Meet the bookseller with Sharon Peterson

After working as the assistant manager at Readings Carlton for almost 10 years, Sharon Peterson has recently moved into the role of shop manager at Readings St Kilda. We chat with her about bookshop proposals, her love of the classics, and what exciting reads she has on her TBR pile.

Why did you decide to work in books?

I can’t say that I actually ‘decided’ to work in books (I vaguely remember wanting to be a teacher) but my first full-time job between high school and university was at the Stonemans Bookroom in Castlemaine, and after that, bookshop jobs were just the easiest ones to get. They were also the ones I would get the most excited about.

Before starting at Readings, I actually did try to get out of bookselling but failed. Despite my relevant experience, I showed a ‘lack of enthusiasm for the product’ – it seems I’m not as passionate about bed linen and homewares as I am about books.

What is the weirdest thing to happen to you in a bookshop?

I once helped someone propose to his girlfriend! I can’t remember the exact details now, but I recall I had to plant a book in a particular section of the store, and when the couple came in to make an enquiry, lead them in the right direction. It required my best acting skills. Several staff members were hiding behind shelves, spying on proceedings, so there were heads bobbing up and down all over the place. It was quite funny.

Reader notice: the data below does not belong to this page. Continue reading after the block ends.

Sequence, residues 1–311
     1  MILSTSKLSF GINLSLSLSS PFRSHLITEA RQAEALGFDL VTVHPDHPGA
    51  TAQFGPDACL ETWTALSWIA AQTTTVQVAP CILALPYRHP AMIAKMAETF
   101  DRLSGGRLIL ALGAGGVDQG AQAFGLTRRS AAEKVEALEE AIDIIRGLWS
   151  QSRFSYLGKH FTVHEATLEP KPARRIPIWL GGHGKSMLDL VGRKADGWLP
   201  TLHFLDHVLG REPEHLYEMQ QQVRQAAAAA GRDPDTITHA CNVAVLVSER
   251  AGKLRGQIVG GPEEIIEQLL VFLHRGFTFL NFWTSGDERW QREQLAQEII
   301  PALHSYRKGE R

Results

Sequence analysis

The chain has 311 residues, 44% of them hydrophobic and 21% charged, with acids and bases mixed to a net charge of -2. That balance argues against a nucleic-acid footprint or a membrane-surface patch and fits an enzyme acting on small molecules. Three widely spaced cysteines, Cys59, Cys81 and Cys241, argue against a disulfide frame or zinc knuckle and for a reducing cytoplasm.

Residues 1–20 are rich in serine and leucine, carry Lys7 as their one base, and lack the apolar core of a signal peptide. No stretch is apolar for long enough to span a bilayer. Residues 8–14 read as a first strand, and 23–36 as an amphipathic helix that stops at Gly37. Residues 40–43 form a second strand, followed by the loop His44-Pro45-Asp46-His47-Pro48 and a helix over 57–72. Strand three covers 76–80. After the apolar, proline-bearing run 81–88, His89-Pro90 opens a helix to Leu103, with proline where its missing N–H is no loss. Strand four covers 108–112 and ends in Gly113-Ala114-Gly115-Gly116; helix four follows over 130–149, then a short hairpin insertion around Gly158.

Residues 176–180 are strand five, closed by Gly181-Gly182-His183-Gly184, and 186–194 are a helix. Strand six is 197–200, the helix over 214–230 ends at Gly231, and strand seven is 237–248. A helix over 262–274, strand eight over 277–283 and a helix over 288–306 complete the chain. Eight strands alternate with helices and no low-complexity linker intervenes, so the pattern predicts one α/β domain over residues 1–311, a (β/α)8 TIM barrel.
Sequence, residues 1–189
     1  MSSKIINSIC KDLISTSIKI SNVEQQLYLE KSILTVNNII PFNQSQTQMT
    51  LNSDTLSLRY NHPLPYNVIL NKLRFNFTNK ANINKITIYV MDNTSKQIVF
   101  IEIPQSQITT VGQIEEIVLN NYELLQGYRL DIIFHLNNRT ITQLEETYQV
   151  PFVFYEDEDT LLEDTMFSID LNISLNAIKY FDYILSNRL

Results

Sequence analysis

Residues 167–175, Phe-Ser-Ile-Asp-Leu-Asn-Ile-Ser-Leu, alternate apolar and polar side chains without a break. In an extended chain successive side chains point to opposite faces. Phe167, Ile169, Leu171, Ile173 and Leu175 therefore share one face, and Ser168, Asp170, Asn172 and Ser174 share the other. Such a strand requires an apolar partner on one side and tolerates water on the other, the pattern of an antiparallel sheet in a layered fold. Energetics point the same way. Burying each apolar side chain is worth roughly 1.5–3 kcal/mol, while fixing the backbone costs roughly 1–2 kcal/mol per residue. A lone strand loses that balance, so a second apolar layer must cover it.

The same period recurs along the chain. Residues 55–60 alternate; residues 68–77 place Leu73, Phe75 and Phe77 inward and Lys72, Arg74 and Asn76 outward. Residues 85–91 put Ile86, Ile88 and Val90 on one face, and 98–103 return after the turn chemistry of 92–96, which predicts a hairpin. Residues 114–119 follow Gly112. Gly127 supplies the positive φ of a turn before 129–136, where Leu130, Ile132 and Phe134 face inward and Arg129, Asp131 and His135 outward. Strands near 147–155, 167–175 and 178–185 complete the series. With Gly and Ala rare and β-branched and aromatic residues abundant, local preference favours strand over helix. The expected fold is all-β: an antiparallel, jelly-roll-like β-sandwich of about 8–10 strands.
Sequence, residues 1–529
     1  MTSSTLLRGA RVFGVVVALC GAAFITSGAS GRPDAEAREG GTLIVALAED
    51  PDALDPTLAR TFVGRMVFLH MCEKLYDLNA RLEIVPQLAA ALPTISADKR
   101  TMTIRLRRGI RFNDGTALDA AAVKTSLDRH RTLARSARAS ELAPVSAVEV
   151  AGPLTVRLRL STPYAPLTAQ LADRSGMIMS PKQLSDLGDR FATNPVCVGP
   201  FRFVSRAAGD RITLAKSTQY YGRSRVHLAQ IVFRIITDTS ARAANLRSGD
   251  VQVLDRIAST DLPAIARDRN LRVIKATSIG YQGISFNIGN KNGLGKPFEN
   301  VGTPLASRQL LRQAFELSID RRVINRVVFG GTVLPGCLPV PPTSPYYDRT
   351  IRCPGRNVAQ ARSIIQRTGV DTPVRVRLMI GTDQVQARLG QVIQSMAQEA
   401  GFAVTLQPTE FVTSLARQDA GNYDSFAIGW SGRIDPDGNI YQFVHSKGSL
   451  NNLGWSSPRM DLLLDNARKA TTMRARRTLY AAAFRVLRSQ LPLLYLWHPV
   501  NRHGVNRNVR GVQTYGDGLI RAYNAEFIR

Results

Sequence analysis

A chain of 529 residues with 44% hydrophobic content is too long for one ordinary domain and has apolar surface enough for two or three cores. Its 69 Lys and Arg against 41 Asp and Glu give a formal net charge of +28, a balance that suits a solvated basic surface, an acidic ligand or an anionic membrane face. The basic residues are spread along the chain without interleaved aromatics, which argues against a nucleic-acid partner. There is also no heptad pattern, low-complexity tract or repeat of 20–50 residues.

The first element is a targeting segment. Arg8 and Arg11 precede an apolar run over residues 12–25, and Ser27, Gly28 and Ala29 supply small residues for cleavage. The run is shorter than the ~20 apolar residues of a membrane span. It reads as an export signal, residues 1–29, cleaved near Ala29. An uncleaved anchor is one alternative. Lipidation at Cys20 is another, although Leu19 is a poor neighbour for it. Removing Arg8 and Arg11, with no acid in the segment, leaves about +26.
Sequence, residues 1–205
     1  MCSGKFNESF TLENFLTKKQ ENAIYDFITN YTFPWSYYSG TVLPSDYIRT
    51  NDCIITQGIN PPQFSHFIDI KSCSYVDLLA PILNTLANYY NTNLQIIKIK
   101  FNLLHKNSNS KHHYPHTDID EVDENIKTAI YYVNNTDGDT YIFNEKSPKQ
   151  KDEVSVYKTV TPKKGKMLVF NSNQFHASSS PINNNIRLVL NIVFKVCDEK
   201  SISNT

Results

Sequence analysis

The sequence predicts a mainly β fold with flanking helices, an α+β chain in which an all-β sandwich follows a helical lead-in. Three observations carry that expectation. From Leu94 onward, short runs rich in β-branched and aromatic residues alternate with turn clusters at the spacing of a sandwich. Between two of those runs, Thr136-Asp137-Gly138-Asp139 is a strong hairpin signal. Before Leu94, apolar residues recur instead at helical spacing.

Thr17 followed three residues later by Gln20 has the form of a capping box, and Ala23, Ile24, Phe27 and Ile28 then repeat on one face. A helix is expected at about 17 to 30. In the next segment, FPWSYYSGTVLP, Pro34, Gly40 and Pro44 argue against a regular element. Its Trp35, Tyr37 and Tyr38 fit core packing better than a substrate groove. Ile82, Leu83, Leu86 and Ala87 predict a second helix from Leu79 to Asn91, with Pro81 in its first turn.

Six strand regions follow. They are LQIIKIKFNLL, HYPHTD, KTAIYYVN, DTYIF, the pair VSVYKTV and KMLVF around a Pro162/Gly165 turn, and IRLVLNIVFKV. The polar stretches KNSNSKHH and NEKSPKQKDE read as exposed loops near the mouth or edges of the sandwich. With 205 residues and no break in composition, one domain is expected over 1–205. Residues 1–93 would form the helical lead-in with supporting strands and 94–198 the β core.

Describe your taste in books.

In my late teens and through my twenties, I devoured the classics, such as the Brontë sisters, Jane Austen, Thomas Hardy, Oscar Wilde, Evelyn Waugh – to name a few. These days though, I read mostly contemporary fiction. I especially love English and Irish fiction, and of course Australian too. We have some brilliant local authors on our doorstep.

Tell us about a book that changed the way you think.


I’m not sure if they changed the way I think, but two books I read for Year 11 Literature certainly made a huge impression on me. They were Wuthering Heights and The Picture of Dorian Grey. I had never read anything like either of them before. I’ve since read them both several times over the years and to this day, they remain among my favourite books.

What’s the best book you’ve read lately and why?

I’ve just finished reading Robert Hillman’s The Bookshop of the Broken Hearted and it’s definitely the best thing I’ve read this year. It’s a beautiful, gentle story. It was very difficult to concentrate on doing anything else – I just wanted to keep reading it. I also secretly want to own the bookshop that was put together in the book!

What books are sitting on your bedside table right now?

Lots of forthcoming titles. I was at a bookselling conference recently and came home with an armload of reading copies, so the stack is quite high. I’m currently half-way through Ceridwen Dovey’s In The Garden of the Fugitives and next up are the advance copies of new novels from Stephanie Bishop (Man Out of Time) and the new Kate Atkinson (Transcription).

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In the Garden of the Fugitives

In the Garden of the Fugitives

Ceridwen Dovey

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